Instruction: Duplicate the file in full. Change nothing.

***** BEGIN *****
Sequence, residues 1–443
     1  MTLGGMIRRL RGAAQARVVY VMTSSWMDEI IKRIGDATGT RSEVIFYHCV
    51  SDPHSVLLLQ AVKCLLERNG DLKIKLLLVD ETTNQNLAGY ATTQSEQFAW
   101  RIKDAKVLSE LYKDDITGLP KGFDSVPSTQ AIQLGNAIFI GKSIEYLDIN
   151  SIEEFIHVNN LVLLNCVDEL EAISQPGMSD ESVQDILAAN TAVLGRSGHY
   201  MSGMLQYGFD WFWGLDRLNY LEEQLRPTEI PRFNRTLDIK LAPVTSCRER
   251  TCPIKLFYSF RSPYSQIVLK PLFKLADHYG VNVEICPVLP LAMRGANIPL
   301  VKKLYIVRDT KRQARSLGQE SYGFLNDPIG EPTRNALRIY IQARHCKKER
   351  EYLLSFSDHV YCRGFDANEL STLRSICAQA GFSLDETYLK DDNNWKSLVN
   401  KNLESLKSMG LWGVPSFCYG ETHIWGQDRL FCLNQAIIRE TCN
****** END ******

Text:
Sequence, residues 1–443
     1  MTLGGMIRRL RGAAQARVVY VMTSSWMDEI IKRIGDATGT RSEVIFYHCV
    51  SDPHSVLLLQ AVKCLLERNG DLKIKLLLVD ETTNQNLAGY ATTQSEQFAW
   101  RIKDAKVLSE LYKDDITGLP KGFDSVPSTQ AIQLGNAIFI GKSIEYLDIN
   151  SIEEFIHVNN LVLLNCVDEL EAISQPGMSD ESVQDILAAN TAVLGRSGHY
   201  MSGMLQYGFD WFWGLDRLNY LEEQLRPTEI PRFNRTLDIK LAPVTSCRER
   251  TCPIKLFYSF RSPYSQIVLK PLFKLADHYG VNVEICPVLP LAMRGANIPL
   301  VKKLYIVRDT KRQARSLGQE SYGFLNDPIG EPTRNALRIY IQARHCKKER
   351  EYLLSFSDHV YCRGFDANEL STLRSICAQA GFSLDETYLK DDNNWKSLVN
   401  KNLESLKSMG LWGVPSFCYG ETHIWGQDRL FCLNQAIIRE TCN